John Beaumont

1583-1627 / England

A Dialogue Between The World, A Pilgrim And Vertue


What darknes clouds my senses ? hath the day
Forgot his season, and the sunne his way ?
Doth God withdraw his all-sustaining might,
And works no more with his faire creature, light,
While heau'n and earth for such a losse complaine,
And turne to rude vnformed heapes againe ?
My paces with intangling briers are bound,
And all this forrest in deepe silence drown'd ;
Here must my labour and my journey cease,
By which in vaine I sought for rest and peace ;
But now perceiue that man's vnquiet mind
In all his vvaies can onely darknesse finde.
Here must I starue and die, unless some light
Point out the passage from this dismall night.

Distressed pilgrim, let not causelesse feare
Depresse thy hopes, for thou hast comfort neare,
Which thy dull heart with splendor shall inspire,
And guide thee to thy period of desire.
Clear vp thy browes, and raise thy fainting eyes ;
See how my glitt'ring palace open lies
For weary passengers, whose desp'rate case
I pitie, and prouide a resting-place.

O thou whose speeches sound, whose beauties shine
Not like a creature, but some power diuine,
Teach me thy stile, thy worth and state declare,
Whose glories in this desart hidden are.

I am thine end ; Felicity my name ;
The best of Wishes, Pleasures, Riches, Fame,
Are humble vassals which my throne attend,
And make you mortals happy when I send
In my left hand delicious fruits I hold,
To feede them who with mirth and ease grow old,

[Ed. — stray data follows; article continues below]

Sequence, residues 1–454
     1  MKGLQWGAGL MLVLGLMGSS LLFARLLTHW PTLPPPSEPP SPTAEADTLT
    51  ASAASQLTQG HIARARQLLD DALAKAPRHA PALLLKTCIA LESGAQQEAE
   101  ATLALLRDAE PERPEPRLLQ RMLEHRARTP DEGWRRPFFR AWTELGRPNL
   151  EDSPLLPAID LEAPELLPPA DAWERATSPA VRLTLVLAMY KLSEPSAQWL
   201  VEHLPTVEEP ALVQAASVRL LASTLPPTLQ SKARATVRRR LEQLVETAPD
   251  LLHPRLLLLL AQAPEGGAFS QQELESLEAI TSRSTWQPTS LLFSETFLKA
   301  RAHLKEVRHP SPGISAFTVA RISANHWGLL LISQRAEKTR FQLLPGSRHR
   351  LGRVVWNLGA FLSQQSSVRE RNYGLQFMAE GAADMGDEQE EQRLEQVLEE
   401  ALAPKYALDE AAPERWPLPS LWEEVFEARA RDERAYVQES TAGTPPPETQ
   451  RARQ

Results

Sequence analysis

Afraid to lose the fleeting dayes and nights ;
That seaze on times, and spend it in delights.
My right hand with triumphant crownes is stor'd,
Which all the kings of former times ador'd :
These gifts are thine : then enter where no strife,
No griefe, no paine, shall interrupt thy life.
Stay, hasty wretch, here deadly serpents dwell,
And thy next step is on the brinke of hell
W ouldst thou, poore weary man, thy limbs repose ?
Behold my house, where true contentment growes ;
Not like the baites which this seducer giues,
Whose blisse a day, whose torment euer Hues.

Regard not these vaine speeches, let them goe
This is a poore worme, my contemned foe,
Bold thredbare Vertue ; who dare promise more
From empty bags, than I from all my store;
Whose counsels make men draw unquiet breath,
Expecting to be happy after death.

Canst thou now make, or hast thou euer made
Thy seruants happy in those things that fade ?
Heare this my challenge : one example bring
Of such perfection ; let him be the king
Of all the world, fearing no outward check,
And guiding others by his voice or beck :
Yet shall this man at eu'ry moment find
More gall than hony in his restlesse mind.
Now, monster, since my words haue struck thee dumb,
Behold this garland, whence such vertues come ;
Such glories shine, such piercing beames are throwne
As make thee blind, and turne thee to a stone.
And thou, whose wandYing feet were running downe
Th' infernall steepnesse, looke vpon this crown e :
Within these folds lie hidden no deceits,
No golden lures, on which perdition waites ;
But when thine eyes the prickly thornes haue past,
See in the circle boundlesse ioyes at last.

These things are now most cleare; thee I imbrace:
Immortall wreath, let worldlings count thee base;
Choyce is thy matter, glorious is thy shape,
Fit crowne for them who tempting dangers scape.
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